Parsons Track starts at Caveside, 10 minutes south of Mole Creek. Like so many walk tracks in the area, it was not created for the enjoyment of bushwalkers but has been developed and redeveloped over several generations by the families of early settlers, along with mountain huts constructed as shelters for hunters, trappers and snarers, and timber getters.
The strong attachment of current members of those families and others is the reason they are maintained to this day and, in the case of Parsons Track, have the benefit of signage at the various points of interest.
Shown right is Loggers Hut and lower down this page Haberles Hut, both accessed via Parsons Track, images courtesy of Haberle’s Photocards. For more information about Haberles Hut, and other mountain huts in the Mole Creek area, visit Mountain Huts Preservation Society.
The start of the track
The Parsons Track walk starts at Parsons Road, where there is a signed carparking area. The track, at this point, follows an old 4WD track but it is strongly recommended that vehicles be left in the parking area, as fallen trees, washaways, etc render the track undriveable and there are no turning places.
The first sign you will come to along the track marks an old skidway, used for loading logs for transport down the mountain. There were many such skidways in years gone by, but this one is still clearly visible and you can see how it functioned. On a fine day, if you rest a while at this spot, you may be lucky enough to attract the curious attention of a pair of wedgetail eagles which call the area home.
Hills Logging Hut (2.5 hours return)
This hut was named for Bruce Hill, who logged the area for a dozen or so years in the 1960s. The hut fell into disrepair until restoration by the Deloraine Walking Club in the early 70s.
Norms Spring and Loftys Lookout (3 hours return)
Norms Spring was named for Clarrie (Norm) How, who encouraged younger family members, when leading them up the track, to drink from this spring, insisting that it would ensure good luck for the day. 50 metres further on you arrive at Loftys Lookout, named for Clarrie’s brother Keith (Lofty) How, a point which offers a great view over the How farm, now owned by Keith’s son Kelvin.
The old 4WD track continues for a further 1 km and then there is a signpost indicating ‘Parsons Track’, which passes the last of the old log skidways, the area above this point having never been logged. Here, at the start of the walk track, there are several King Billy Pines, planted 30 years ago by Charlie Crowden, which, at the time of writing, are 7 – 8 feet tall.
There is a serious climb from here, known as the Little Grunter, followed by around 800 metres of myrtle flats, followed by myrtle forest.
Haberles Hut was built around 1931 by Bill Haberle and his sons Gordon and Bill during the Great Depression and used when snaring and trapping in the area. The hut fell into disrepair and was restored by the Deloraine Walking Club under the leadership of Charles Crowden over a 17 month period from June 1981 until October 1982.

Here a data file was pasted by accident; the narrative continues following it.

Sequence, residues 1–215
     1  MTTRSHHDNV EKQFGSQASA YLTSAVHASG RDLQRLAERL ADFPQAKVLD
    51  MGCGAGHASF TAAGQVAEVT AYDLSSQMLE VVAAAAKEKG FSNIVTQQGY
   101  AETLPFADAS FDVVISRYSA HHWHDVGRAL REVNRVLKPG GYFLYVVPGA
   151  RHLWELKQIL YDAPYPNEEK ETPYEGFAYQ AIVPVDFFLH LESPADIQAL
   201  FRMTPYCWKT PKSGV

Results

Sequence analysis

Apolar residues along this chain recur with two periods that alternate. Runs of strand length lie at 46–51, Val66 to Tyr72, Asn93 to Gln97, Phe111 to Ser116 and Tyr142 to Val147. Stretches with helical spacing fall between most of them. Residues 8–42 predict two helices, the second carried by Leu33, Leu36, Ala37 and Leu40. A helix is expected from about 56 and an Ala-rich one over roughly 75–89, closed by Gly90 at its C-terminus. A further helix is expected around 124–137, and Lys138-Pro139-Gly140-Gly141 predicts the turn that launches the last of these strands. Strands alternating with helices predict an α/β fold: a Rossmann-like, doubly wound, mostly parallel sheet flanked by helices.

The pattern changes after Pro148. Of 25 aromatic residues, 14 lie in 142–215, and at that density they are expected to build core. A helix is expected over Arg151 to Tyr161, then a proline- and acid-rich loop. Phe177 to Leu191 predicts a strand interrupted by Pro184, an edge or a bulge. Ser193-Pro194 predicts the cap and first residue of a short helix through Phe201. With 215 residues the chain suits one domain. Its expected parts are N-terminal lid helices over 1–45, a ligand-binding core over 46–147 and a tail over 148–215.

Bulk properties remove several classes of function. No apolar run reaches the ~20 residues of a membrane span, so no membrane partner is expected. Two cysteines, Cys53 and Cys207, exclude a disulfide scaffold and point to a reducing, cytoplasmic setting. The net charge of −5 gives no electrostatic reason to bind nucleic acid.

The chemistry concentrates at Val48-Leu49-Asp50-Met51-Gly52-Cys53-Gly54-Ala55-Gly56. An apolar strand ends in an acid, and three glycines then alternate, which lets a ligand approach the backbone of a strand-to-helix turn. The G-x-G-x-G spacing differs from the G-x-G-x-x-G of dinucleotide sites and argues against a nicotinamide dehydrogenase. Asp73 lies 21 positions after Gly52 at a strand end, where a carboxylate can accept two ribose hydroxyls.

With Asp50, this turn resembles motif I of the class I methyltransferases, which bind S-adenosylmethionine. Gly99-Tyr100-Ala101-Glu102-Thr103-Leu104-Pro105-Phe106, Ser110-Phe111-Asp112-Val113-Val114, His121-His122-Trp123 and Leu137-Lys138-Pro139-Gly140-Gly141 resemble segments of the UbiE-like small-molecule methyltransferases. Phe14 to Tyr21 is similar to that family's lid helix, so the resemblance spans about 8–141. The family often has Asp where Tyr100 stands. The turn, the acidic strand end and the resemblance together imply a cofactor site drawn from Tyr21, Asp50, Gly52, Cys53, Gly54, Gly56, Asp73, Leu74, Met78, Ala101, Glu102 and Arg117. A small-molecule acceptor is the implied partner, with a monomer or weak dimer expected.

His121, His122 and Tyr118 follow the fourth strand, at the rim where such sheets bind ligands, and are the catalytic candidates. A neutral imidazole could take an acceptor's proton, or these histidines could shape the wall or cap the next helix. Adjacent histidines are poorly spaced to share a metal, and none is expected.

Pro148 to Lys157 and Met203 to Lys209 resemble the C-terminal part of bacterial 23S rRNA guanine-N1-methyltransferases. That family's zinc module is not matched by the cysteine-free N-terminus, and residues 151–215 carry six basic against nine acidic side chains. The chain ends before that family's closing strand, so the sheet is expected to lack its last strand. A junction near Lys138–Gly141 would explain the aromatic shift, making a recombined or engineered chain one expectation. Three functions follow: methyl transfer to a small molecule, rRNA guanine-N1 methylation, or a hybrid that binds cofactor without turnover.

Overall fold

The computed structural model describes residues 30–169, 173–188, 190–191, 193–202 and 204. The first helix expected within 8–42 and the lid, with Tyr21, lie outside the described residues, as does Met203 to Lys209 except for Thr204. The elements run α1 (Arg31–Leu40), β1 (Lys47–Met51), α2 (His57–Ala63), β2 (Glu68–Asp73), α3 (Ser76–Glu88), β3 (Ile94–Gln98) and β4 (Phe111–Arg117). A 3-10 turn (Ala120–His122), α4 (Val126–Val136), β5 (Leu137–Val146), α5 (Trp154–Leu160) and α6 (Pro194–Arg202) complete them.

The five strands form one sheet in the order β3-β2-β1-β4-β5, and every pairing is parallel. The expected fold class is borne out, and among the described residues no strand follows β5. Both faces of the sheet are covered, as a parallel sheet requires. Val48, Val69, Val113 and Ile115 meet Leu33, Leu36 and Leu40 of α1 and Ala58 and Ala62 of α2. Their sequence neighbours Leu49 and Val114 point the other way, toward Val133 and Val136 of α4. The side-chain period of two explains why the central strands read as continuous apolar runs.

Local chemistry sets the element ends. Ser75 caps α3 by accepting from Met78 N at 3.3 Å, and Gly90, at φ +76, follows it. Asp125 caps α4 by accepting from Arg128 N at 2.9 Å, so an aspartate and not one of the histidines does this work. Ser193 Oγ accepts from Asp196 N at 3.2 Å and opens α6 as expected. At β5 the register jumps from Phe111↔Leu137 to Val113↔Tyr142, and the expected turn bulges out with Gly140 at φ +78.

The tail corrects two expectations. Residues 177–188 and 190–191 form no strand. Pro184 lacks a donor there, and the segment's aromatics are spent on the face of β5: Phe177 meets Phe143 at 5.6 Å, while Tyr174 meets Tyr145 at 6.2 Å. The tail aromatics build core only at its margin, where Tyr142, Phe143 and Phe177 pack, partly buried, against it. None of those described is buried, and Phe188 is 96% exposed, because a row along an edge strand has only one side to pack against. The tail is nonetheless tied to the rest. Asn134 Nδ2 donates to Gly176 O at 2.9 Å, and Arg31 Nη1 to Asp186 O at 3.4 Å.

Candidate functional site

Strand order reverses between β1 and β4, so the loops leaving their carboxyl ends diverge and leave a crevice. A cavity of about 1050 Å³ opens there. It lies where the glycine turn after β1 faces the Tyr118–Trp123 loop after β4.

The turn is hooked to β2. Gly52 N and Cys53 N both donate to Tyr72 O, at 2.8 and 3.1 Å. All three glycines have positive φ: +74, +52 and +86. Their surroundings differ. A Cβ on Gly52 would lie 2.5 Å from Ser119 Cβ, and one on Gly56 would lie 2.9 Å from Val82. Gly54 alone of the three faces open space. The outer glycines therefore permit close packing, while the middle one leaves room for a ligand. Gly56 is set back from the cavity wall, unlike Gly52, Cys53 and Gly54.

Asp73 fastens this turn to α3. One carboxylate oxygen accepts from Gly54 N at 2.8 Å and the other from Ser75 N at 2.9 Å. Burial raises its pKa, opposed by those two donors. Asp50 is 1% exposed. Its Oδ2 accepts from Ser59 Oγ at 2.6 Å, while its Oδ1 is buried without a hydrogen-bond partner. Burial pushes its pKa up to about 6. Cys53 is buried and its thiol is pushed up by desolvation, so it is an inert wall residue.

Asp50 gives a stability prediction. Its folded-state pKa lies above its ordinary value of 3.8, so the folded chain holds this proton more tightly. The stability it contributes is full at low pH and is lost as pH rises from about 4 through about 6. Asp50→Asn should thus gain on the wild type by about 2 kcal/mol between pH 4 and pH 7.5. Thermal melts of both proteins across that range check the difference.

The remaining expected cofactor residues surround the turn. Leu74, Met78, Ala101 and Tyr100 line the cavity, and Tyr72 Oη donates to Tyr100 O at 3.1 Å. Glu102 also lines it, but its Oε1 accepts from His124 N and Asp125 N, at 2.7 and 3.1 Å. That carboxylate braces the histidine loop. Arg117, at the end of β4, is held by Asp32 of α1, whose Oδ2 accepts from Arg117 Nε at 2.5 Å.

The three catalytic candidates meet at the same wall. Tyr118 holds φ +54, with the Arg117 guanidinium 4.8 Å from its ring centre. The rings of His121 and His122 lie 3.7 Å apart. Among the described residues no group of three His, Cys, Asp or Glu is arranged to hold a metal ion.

Haberles Hut is well hidden from the main track and is reached via a 100 metre side track, which is signposted. After visiting the hut, you can return to the track and continue left to the start of a long, steady climb known as the Big Grunter.
Sandstone Rock and Parsons Spring (7 hours return)
Eventually you will come to a sign to Sandstone Rock, a huge rock which is visible below the top of the Tiers from Mole Creek, into the face of which which local residents and visitors have carved their names for some 150 years. There are wonderful views from this point to the north, as far as Port Sorell and the ocean on a clear day. A little further along is the final sign on the track, to Parsons Spring, which feeds into a small pool under a huge rock.
In this pool you may see the tiny mountain shrimp (Anaspides tasmaniae) only found in the cold waters of the Tasmanian highlands. Fossil crustaceans, very similar to Anaspides, have been found in rocks at least 250 million years old and, for this reason, Anaspides is sometimes called a ‘living fossil.’ Scientists believe that the ancestor of today’s modern crustaceans may have closely resembled Anaspides.
A further 600 metres climb will take you to the Central Plateau World Heritage Conservation Area, a plateau which when the Richea is in flower in summer is a sea of colour; this plant is known also as kerosene bush because of its high flammability. Looking to the right, you will see a large rock; if you climb this rock, on a clear day, you will see across Lake Balmoral to the Walls of Jerusalem, Mount Ossa and Cradle Mountain, as well as north to Port Sorell. And, if you sit quietly for a while, this is another place where the resident wedgetail eagles may come to check you out.
From this point, having reached the plateau, experienced bushwalkers may take the old track which leads to Lake Mackenzie (2.5 hours return), however this is not for the unprepared. Whilst the weather on the track, as it makes its way up the face of the mountains, requires respect, on the exposed plateau weather conditions are harsh and can become deadly in minutes; survival skills and equipment are essential.
How to get to Parsons Track
Take Caveside Road (C169) south from Mole Creek village for about 7 km, turn right into Pool Road, left into Fernleigh Road and right into Parsons Road. The carpark and start of Parsons Track are signposted.